In the face of this, established consumer and retail players have not stood still. Across multiple categories – including consumer packaged goods and apparel – a number of incumbents have taken an active interest in establishing their own D2C channels. Some have pursued the M&A route of D2C brands (i.e., Unilever’s acquisition of Dollar Shave Club3), whereas others looked to acquire “bolt-on” capabilities to underpin own brand D2C channels (i.e., Nike’s acquisition of Zodiac, a data analytics firm4).  

Looking at today’s changed landscape, such strategic decisions appear to have paid-off. Financial results for Q1 2020 retailers with established online D2C channels have been more resilient in their ability to meet consumer demand and protect revenue streams.5

As the dust settles in a post-COVID-19 world, we expect to see a more proactive stance towards pursuing D2C growth as a matter of strategic resilience. A sense of urgency will likely also underpin a wave of M&A actions as incumbents seek to access bolt-on capabilities or recast a digital native D2C acquisition into a platform for rolling out more expansive D2C strategies. 

Our ongoing conversations with clients have surfaced the following topics and challenges:

  • How to design and deliver multiple pay-in and pay-out methods of payment to reach the widest reach of clients?
  • How to manage payment economics as businesses move from “one-to-few” B2B models to “one-to-many”, high-volume and lower-value receivables?
  • How to manage liquidity, reconciliation and reporting in a “one-to-many” and high-velocity payments ecosystem?
  • How to enable cross-border flows while managing cross-currency risk and access to low cost payment channels?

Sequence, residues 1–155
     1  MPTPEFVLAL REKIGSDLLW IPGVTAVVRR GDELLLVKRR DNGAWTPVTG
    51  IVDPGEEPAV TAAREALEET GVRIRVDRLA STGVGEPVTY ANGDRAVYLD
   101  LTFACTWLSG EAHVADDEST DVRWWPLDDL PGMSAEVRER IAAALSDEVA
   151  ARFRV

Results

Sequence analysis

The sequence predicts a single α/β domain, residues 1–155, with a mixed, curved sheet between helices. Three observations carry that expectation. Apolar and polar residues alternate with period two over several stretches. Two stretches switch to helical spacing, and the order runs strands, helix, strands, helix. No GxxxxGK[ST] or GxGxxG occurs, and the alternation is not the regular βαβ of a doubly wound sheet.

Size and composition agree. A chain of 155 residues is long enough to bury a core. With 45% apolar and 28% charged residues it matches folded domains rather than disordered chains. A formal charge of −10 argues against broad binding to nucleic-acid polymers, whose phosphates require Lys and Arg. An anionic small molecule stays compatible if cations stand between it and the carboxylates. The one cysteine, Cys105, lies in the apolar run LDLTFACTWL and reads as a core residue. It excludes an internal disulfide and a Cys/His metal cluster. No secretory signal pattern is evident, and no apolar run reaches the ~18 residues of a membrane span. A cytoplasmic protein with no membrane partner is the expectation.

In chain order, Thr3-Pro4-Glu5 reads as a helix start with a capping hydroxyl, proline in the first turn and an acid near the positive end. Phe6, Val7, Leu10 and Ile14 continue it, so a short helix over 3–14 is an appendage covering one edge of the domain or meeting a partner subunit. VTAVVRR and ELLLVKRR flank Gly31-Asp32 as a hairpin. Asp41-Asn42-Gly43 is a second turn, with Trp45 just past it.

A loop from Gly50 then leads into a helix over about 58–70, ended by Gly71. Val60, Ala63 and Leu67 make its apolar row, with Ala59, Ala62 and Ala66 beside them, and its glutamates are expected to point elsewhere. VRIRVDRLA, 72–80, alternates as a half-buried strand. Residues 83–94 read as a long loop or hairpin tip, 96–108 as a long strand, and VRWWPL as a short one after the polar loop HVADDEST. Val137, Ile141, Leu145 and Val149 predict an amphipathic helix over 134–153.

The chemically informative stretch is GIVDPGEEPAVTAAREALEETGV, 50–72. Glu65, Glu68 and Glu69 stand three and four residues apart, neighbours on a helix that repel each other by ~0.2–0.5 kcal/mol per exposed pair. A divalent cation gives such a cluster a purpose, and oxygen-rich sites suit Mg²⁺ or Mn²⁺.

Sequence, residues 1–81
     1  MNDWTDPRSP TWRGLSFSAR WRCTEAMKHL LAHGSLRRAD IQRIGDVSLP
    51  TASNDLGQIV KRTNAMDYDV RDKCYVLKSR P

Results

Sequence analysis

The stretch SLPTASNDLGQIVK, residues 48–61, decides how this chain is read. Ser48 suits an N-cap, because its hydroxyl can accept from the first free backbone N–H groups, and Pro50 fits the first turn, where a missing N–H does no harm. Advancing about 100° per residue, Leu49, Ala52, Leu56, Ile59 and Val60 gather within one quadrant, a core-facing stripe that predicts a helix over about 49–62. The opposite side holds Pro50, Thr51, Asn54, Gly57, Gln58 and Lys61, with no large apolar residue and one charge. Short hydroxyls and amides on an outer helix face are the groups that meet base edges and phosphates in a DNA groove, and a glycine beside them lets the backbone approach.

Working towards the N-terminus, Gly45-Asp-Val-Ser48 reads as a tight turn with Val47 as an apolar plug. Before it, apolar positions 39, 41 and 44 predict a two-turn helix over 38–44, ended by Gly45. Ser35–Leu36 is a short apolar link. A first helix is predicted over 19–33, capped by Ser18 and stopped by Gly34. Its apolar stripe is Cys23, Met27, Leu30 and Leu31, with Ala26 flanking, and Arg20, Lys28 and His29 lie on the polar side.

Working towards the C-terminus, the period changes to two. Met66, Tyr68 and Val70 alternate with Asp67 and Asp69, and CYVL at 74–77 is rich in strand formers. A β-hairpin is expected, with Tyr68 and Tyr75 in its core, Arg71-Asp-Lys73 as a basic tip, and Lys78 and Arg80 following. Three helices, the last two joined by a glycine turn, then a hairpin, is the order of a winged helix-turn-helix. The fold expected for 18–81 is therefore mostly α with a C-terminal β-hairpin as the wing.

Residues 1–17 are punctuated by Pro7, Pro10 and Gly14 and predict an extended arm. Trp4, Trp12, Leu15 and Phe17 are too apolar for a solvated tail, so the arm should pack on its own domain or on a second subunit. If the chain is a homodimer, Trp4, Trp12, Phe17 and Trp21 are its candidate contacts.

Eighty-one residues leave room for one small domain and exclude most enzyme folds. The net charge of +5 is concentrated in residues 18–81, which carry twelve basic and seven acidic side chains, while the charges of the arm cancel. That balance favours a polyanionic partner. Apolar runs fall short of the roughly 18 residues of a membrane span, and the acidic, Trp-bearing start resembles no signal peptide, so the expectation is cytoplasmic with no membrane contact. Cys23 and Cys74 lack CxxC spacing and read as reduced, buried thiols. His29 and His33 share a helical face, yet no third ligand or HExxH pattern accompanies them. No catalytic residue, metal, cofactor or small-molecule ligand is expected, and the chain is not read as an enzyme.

• How to warehouse and protect consumer data across different jurisdictions?
  • How to manage more complex inventory (e.g., retail SKU vs. wholesale packaging)?

While we think addressing these challenges should be a baseline for any treasurer operating in a D2C space, it is also clear that idiosyncratic challenges will be influenced by the company’s starting point, legacy operating model and its chosen D2C strategy.

How different D2C models shape treasury challenges

The table below lays out in more detail the scale of challenge faced by treasurers navigating a transition from “legacy” B2B models to D2C models (whether organically developed or via M&A)


Making the pivot to D2C: How to be a partner to your business

More so than ever, what happens in treasury has implications for the business. This is increasingly the case as companies respond to a broader eCommerce disruption, of which D2C is a particular example.

As a treasurer, what should you be thinking about as your company embarks on this journey?